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Cultural differences in work-related learning: A cross-cultural comparison of self-directedness and (in)formal learning activities.

Rensink, I. (2016) Cultural differences in work-related learning: A cross-cultural comparison of self-directedness and (in)formal learning activities.

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Abstract:Informal learning is regarded as an important means for organizations to be innovative and achieve a competitive advantage. In contrast to formal learning, informal learning is unstructured, in control of the learner and often takes place while employees are performing work-related tasks. It is difficult for organizations to make the shift from purely formal trainings to more informal learning programs for employee development, because informal learning and it’s outcomes are hard to visualize and measure. Cultural differences poses another difficulty for multinational organizations trying to improve informal learning across locations worldwide. In high power distance cultures for example, employees are used to follow orders, and might not be able or willing to take control over their informal learning activities. Because research on cultural differences in informal learning is scarce, this study aimed to investigate cultural differences in work-related learning (formal and informal). To explain these differences, a self-directed learning orientation and factors related to the work environment (work autonomy and leadership support for learning) were used as mediators between culture and learning. Culture was measured along three cultural dimensions, power distance, individualism and achievement orientation. A survey was conducted among 332 employees working within a high-tech multi-national company. Results indicated that culture did not directly influence work-related learning. However, a small negative indirect effect of individualism and power distance was found on the engagement in both formal and informal learning, This effect was mediated firstly through work autonomy and leadership support and secondly through the self-directed learning orientation of employees. Although more research is needed to confirm these results in other organizations and cultural contexts, these results indicate that in order to improve informal learning, organizations should focus on factors in the environment such as work autonomy and leadership support. As these factors differ cross-culturally, organizations trying to improve informal learning through the work environment should adapt their strategies to the cultural values of different locations across the world.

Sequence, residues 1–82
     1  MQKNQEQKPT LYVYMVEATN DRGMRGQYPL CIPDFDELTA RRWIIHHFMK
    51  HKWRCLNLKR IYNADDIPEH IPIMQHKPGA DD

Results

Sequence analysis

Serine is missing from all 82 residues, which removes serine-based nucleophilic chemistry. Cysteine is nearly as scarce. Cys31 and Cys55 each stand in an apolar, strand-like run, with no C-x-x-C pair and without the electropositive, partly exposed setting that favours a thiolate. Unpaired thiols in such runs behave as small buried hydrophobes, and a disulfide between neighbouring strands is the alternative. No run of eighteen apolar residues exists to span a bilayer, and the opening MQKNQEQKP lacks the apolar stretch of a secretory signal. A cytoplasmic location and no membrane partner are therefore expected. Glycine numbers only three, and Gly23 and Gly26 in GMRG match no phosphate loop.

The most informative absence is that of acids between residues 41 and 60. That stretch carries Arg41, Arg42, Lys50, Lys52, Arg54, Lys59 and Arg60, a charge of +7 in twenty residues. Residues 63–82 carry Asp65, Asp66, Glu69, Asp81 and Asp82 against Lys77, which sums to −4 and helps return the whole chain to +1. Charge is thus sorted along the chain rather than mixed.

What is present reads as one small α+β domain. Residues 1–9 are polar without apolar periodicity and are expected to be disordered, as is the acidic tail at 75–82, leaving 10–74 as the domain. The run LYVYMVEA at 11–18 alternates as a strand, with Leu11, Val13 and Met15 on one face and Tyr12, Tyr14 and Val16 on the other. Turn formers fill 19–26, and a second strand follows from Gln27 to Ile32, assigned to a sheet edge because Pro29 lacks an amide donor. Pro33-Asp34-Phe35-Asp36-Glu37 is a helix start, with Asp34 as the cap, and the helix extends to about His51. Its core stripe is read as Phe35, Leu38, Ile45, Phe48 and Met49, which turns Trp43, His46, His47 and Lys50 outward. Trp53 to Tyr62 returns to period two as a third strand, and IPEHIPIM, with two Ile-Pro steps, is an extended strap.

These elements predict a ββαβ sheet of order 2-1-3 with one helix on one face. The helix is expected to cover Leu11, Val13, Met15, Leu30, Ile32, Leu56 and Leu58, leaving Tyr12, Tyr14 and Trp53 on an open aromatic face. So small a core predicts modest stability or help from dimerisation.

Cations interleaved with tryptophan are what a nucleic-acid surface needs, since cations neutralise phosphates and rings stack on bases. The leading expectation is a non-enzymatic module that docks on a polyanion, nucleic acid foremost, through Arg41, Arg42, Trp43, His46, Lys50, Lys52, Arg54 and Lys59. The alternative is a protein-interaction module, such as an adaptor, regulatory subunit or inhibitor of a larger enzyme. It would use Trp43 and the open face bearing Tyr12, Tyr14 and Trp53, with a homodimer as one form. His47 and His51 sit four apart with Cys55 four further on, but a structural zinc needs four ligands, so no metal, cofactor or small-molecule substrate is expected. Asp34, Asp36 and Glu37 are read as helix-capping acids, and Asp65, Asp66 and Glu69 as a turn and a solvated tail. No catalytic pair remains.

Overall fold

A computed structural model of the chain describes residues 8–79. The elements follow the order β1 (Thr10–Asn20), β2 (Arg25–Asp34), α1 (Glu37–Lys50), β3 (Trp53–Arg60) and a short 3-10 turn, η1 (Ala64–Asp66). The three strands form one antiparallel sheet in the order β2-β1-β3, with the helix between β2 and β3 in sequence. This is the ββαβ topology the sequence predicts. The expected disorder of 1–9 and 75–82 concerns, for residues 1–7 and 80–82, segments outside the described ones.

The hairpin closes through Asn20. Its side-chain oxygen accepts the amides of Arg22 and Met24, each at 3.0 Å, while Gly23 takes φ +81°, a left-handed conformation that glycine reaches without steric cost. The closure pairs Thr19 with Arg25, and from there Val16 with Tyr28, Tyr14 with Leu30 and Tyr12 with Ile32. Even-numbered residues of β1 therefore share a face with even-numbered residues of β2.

Item Type:Essay (Master)
Faculty:BMS: Behavioural, Management and Social Sciences
Subject:02 science and culture in general, 70 social sciences in general, 79 andragology
Programme:Educational Science and Technology MSc (60023)
Link to this item:http://purl.utwente.nl/essays/70879
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